6) Show what you know

It sounds simplistic, but if you "show what you know" and if you're showing what others are seeking then you'll be found...and thought of as an expert.

Experts are more becoming more trusted than "peer recommendations" according to today's Los Angeles Times opinion piece by Gregory Rodriguez: "Talk about your Buzzkill: Breaking through the noise of social media," which cites Edelman's 2010 Trust Barometer.

This means that being an expert is cool again.

How do you become an expert? Know your subject and post about it: valuably, frequently and consistently.

Note: It may help to have some credentials, but the LA Times opinion piece said that experts and academics were gaining influence, so there is a distinction between being an expert and being a person who studies/teaches the subject in a college or university.

Re: Social media: And yes, the rumors of the death of Social Media are a bit early with this barometer, as social media is really about disclosure, transparency, authenticity, and trust. For more on this see "For more information" below...

7) "Just do it"

Nike had it right. By just doing it, you're getting your "expert" voice out there where it can be found...and establishing your "expert" .

For more information on "How to be found Online":

Download: "The Power of Social Media: Gaining the competitive edge through LinkedIn, Twitter and Facebook!" (click link & scroll down for download links)

Or see:

Of course there are many other ways to be found online.

If you have any favorite ways to be found online, please leave a comment below...

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8 Simple Ways to Attract Visitors to your Website

February 9th, 2010

Image of paperclips attracted to magnet
Here's a list of eight ways to attract visitors to your website, blog, or podcast:

1) Have something people want or value on your site.

Perhaps easier said then done. But think of things that you'd want and find valuable and then post similar things on your site.  "Content is king" so have great content people are seeking. If people like your content they'll recommend it to others. See #8) Intention below.

2) Make it presentable/attractive.

Make it look nice. Use easy to read fonts like Arial and Verdana as mentioned in Ralph Wilson's Text Font Readability Study. Use nice graphics/images/videos which people are attracted to or intrigued by. If people like the look and feel of your site they'll forward it to others. Consider Web 2.0 design for your site, e.g., "focused, clean, and simple", easy navigation, bold logos, bold text introductions, larger text, etc.

3) Use key words/phrases.

Key words are the words searchers use in search engines to find what they're looking for. Use a few key words and phrases in the title and body of your posts/articles. Note: Don't overdo this!

4) Promote it

Once you've posted something of value to your site, let the world know about it!  Tell your Facebook friend/fans, email your list, tweet about it on Twitter, submit it to Digg, Delicious, StumbleUpon, or other social bookmarking sites.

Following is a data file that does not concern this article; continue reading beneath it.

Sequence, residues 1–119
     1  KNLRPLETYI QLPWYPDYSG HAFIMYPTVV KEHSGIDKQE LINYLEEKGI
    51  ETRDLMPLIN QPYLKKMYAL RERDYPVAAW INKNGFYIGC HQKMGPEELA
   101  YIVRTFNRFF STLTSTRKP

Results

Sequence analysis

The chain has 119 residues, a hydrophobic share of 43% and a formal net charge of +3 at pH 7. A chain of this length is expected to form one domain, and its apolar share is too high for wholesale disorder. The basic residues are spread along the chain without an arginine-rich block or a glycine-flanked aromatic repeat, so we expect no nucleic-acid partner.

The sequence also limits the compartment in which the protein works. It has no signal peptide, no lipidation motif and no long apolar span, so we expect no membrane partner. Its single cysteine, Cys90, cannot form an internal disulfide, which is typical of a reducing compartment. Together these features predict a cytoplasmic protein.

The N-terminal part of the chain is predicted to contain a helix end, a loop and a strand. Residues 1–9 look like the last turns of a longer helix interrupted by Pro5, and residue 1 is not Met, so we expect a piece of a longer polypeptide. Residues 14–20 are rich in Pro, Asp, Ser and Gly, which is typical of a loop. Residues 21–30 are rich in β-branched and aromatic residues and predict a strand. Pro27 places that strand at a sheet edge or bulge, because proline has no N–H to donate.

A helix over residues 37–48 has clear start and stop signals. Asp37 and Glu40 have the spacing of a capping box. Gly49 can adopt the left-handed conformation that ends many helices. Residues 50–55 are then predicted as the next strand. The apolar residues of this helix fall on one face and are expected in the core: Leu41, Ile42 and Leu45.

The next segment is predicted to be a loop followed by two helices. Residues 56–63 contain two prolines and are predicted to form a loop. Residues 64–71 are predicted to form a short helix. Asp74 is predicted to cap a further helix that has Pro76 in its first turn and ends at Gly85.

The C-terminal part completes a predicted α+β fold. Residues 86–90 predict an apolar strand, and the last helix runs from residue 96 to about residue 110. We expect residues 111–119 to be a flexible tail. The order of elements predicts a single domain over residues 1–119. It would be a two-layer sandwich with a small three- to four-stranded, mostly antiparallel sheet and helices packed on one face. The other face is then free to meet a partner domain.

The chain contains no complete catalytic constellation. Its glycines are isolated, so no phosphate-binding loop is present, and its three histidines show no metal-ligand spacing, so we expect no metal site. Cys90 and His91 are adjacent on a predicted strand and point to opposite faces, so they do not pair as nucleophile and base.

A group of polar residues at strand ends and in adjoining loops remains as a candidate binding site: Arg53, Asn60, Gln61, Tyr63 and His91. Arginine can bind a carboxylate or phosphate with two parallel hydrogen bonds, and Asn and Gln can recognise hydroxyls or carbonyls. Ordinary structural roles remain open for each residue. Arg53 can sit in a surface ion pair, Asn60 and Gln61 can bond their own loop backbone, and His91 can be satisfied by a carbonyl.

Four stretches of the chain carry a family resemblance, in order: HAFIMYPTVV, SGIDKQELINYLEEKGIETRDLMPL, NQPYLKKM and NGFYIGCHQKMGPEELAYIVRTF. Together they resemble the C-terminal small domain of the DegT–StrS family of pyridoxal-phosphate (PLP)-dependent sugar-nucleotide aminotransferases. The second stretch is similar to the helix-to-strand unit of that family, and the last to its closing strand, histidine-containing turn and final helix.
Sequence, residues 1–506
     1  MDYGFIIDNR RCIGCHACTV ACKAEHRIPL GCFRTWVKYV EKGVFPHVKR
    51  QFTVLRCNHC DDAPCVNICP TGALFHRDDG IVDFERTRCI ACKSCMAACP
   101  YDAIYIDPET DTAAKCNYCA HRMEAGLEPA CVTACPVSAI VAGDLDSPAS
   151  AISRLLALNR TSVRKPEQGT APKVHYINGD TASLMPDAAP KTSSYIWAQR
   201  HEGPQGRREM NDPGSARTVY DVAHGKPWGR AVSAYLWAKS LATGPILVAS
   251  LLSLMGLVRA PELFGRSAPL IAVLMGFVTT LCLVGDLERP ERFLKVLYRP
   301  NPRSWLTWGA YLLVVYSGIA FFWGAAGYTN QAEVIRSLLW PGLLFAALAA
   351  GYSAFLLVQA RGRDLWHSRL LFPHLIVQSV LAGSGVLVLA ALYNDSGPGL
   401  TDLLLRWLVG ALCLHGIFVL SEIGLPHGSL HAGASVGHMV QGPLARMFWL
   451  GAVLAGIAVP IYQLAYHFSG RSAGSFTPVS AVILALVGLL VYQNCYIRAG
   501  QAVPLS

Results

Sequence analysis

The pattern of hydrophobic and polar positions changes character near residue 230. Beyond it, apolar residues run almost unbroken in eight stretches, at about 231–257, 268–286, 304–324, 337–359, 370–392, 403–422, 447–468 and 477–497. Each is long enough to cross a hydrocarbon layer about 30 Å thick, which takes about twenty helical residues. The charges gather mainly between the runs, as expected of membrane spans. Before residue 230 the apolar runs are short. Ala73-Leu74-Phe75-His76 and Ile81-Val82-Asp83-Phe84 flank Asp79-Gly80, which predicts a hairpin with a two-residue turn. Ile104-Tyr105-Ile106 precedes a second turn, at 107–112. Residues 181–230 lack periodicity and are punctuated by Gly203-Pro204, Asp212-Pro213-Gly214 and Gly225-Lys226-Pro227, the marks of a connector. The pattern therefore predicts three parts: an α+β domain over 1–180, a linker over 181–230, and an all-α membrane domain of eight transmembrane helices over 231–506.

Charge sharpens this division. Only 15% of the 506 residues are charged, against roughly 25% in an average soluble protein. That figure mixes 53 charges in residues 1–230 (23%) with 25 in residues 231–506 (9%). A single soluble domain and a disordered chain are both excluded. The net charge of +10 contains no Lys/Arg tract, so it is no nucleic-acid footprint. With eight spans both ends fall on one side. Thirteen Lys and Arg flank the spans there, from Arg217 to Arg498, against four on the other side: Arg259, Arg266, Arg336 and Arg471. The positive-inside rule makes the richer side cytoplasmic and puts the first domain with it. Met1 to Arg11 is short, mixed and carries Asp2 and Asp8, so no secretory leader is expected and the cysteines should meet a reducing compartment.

5) Ask others to Promote it

People like helping other people. Sometimes all you have to do is ask them and they'll give your content (post/article/podcast/video) a boost. 

Be specific.  Ask them to tell their friends. Ask them to forward your email. Ask them to retweet your tweet: "Pls RT", etc. Use your social media/networking connections and leverage them for your success. Try to do this in a nice unobtrusive way by helping others with your solutions.

Ask other sites to link to your site, especially education, government, and organizations which are highly respected and have high authority ratings. These inbound links can give great "Google juice" to your site in the search engine results page (SERP) rankings.

6) Have a great Title

As mentioned above use a few carefully chosen keywords in your title. Make your title intriguing - something people will want to click on...and pass along to others. Try to limit the length of your title to 60 characters with spaces. Of course, match your content to your title and try to deliver what you promised. And note that you'll want to assure that your Title is also placed in the <head> section of the HTML source code of the web page. Do this for your home page and every page of your website.

7) Have a great Description

Having a great description is a three-fold process: First, describe your article using keyword/phrases in the first paragraph of your article/post/content/etc. Second, enter a description if your blog platform (or plugin like Headspace or widget) allows you to. Or if your site's content management system (CMS) allows you  to add a description/teaser, then add one. Third,  enter a meta description for your web page (note that the second step may have automatically done this). A meta description is a short description of your article (150 characters with spaces) which is placed in the <head> section of your page's HTML source code.

8) Have Intention

Intend to have a great site with valuable content, e.g. posts, articles, podcasts, videos, etc.  Intend to have/write/create/video/record something really interesting, creative, and unique.  Intend to write something worthy of being found, which people want to find, and they're pleased/satisfied/happy when they find it. And if you do it right, then this sense of intention will result in a better site/articles/posts which people will be attracted to.

Bottom Line

Just remember, Google wants to deliver the best results (answers/solutions) to its customers: Searchers who are asking questions with their search queries. So make sure that your post/article/podcast/site is something people want/desire/need, describe that using keywords/phrases and deliver on the promise of your title & description and people will be attracted to your site. There are many more ways to attract visitors to your site, but these should give you a good start.


For a free download of 77 ways to increase your online profits go to: and see: IOP Insider News.

To see how these 77 great tips of Internet marketing can help your site, just view The Solution Movie (90-seconds):

Note: The Solution Movie is a Marketing Over Coffee award finalist.


Have a better way of attracting visitors? - Please leave a comment below.